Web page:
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Pins & needles everywhere
August 18, 2011 4:17 PM   Subscribe

Tingling/burning sensations as well as fatigue and heartburn for the past few days. Seeing a doctor next week, but curious what this could be and if I should rush myself to the ER.

For the past few days I've noticed occasionally tingling or burning sensations in my arms and legs. While obviously I can't tell it definitely feels like it's a nerve thing. Occasionally part of my skin will go numb for a bit. It's happening on both sides of my body so it's not a pinched nerve. Other symptoms: fatigue (even though I've been sleeping full nights), heartburn, and twitching under my left eye (I get this sometimes when I'm tired/drunk, but not this often).

I'm a 21-year-old lady and a vegetarian. I've also dealt with iron-deficiency anemia on-and-off (I'm can be sloppy about taking my supplements) for the past year. I also smoke, get drunk most weekends, take ecstasy occasionally, and used to go on nitrous oxide binges until last year. I'm thinking this is Vitamin B12 deficiency, since a lot of my symptoms are listed here (I've gotten the mouth sores described on the article a few times before, but chalked it up to anemia).

I've made a preemptive strike by getting iron supplements with B12 added, and upping my fortified soy milk intake. But my main point here is: I have a doctor's appointment on Monday, but could this be something panic-worthy that I should go to the ER for? Stroke? Aneurysm? MS? Nerve damage? I'm a bit of a hypochondriac and never really know when something is serious enough for a doctor.

Also, does anyone have any experiences with B12 deficiency?
posted by anonymous to Health & Fitness (4 answers total) 1 user marked this as a favorite
 
IANAD. I'm not sure about the heartburn and the twitching, but persistent fatigue and numbness or tingling, especially in distal parts of the body (fingers, toes, spreading up the legs and arms) are sure signs of chronic B12 deficiency. Its mechanism of action is both to inhibit blood cell production (resulting in reversible anemia) and nerve damage. Since you're describing fairly advanced symptoms, I would make sure to see a doctor and get a CBC (blood cell count) done at a lab ASAP. Treatment for B12 deficiency is simple, it's always treatable, and the medication (basically, injectable B12) is cheap. However, if you don't get on top of this, your (potential) nerve damage could — like mine — become permanent.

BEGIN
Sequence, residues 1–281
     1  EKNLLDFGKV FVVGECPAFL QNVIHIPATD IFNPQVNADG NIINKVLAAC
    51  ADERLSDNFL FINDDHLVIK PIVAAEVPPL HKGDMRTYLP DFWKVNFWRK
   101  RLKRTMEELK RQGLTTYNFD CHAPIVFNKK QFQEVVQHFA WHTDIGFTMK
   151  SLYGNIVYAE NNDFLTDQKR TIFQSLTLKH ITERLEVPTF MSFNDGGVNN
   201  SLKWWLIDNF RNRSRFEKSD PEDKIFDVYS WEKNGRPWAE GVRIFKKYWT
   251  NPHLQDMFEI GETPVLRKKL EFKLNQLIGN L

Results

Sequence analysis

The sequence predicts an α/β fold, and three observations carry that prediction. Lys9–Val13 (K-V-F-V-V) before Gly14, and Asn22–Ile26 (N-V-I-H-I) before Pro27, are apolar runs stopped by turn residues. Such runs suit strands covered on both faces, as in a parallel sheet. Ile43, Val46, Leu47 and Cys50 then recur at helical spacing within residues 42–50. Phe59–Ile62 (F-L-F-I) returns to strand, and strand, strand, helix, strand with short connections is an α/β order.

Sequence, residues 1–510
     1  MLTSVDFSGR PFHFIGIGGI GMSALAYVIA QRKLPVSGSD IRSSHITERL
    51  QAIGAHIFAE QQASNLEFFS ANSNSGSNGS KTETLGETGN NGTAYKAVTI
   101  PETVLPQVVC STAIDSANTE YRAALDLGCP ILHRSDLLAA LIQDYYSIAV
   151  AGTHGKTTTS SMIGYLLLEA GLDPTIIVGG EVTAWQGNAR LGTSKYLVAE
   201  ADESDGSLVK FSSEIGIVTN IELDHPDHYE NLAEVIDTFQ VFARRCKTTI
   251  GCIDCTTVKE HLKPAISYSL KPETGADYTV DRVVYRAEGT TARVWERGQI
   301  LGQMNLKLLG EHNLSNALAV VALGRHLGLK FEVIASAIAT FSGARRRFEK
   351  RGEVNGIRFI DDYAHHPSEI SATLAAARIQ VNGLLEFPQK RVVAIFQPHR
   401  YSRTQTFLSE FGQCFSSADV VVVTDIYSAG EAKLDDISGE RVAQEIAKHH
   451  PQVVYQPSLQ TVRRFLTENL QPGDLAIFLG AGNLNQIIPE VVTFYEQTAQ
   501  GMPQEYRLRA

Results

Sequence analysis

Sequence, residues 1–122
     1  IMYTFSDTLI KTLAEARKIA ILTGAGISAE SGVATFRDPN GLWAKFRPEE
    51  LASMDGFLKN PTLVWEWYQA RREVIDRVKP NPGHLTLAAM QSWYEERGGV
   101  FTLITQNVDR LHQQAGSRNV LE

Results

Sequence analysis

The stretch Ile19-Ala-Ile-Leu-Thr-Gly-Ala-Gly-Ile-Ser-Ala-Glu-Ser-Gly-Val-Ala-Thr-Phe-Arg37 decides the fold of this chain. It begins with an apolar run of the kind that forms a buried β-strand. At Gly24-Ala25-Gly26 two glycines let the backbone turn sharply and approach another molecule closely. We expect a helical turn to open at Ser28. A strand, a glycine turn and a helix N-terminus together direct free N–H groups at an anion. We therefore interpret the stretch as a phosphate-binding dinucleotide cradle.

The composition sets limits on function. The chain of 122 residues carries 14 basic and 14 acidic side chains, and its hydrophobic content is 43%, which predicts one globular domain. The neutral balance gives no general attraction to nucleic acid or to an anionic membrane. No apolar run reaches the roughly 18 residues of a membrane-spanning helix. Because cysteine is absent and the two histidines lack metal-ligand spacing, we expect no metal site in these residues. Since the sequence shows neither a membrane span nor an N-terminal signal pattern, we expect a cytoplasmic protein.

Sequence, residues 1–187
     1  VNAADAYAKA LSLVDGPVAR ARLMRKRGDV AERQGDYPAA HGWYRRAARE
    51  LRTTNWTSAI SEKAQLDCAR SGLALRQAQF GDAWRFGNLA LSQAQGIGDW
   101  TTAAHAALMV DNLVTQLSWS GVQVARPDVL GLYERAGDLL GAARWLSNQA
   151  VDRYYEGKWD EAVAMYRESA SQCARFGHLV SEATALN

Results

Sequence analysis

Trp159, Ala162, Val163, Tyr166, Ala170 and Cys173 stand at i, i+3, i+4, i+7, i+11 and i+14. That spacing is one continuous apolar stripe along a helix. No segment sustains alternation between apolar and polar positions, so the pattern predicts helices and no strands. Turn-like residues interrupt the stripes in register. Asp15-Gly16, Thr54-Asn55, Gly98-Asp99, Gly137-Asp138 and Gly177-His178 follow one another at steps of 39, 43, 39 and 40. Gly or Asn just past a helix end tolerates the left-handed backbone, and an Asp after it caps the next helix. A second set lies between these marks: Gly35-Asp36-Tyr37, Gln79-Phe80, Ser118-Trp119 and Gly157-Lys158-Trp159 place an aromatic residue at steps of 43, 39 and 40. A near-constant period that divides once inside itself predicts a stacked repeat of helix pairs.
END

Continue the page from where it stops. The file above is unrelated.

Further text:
posted by Nomyte at 4:33 PM on August 18, 2011 [2 favorites]


If you're worried about the cost/hassle of the ER you can probably go to one of those drug store minute clinics and have a nurse check your vital signs. They might also be able to tell you if you need to go to the ER. Another option is that a local hospital might have a nurse line you can call in to to describe your symptoms.
posted by ghharr at 4:34 PM on August 18, 2011


IANAD: Sounds doctor-on-Monday worthy, but not ER worthy.

Try stopping any of: smoking, drinking, e, nitrous, weed, etc. The big one that would concern me is the ecstasy. Many symptoms you describe match up with the "mid-week flu." The ecstasy/alcohol combo tends to knock out your vitamins (especially B vitamins) quite rapidly, and will manifest in feeling rather crappy a few days later. Mix that with a possible B12 deficiency and you can put yourself in a bad way quick.

Drink fluids, take vitamins, stay away from all of the naughty stuff for a few days/weeks and see if you start feeling better. Go to the doctor anyhow and be honest with the doctor about your entire medical history. Legally (assuming in the US and many other places) the doctor has to follow confidentiality, so there is no good reason not to be honest.
posted by Mister Fabulous at 4:36 PM on August 18, 2011


Seconding everything Mister Fabulous says, plus an extra vote for no nitrous (if that's something you partake of). Nitrous inactivates B12 something fierce, and can cause all of the symptoms you're describing.

Even with no drug or alcohol intake, chronic B12 deficiency can develop in people who have a couple of relatively common enzyme deficiencies. Ask your doc to test your homocysteine and methylmalonic acid levels - they can help diagnose B12 metabolism disorders. Some people can absorb B12 but can't use it efficiently.

This doesn't sound like a rush-to-the-ER thing but it is worth checking out thoroughly with your doc on Monday. If it's a B12 issue, an injection can help you feel better very quickly.
posted by SakuraK at 10:52 PM on August 18, 2011


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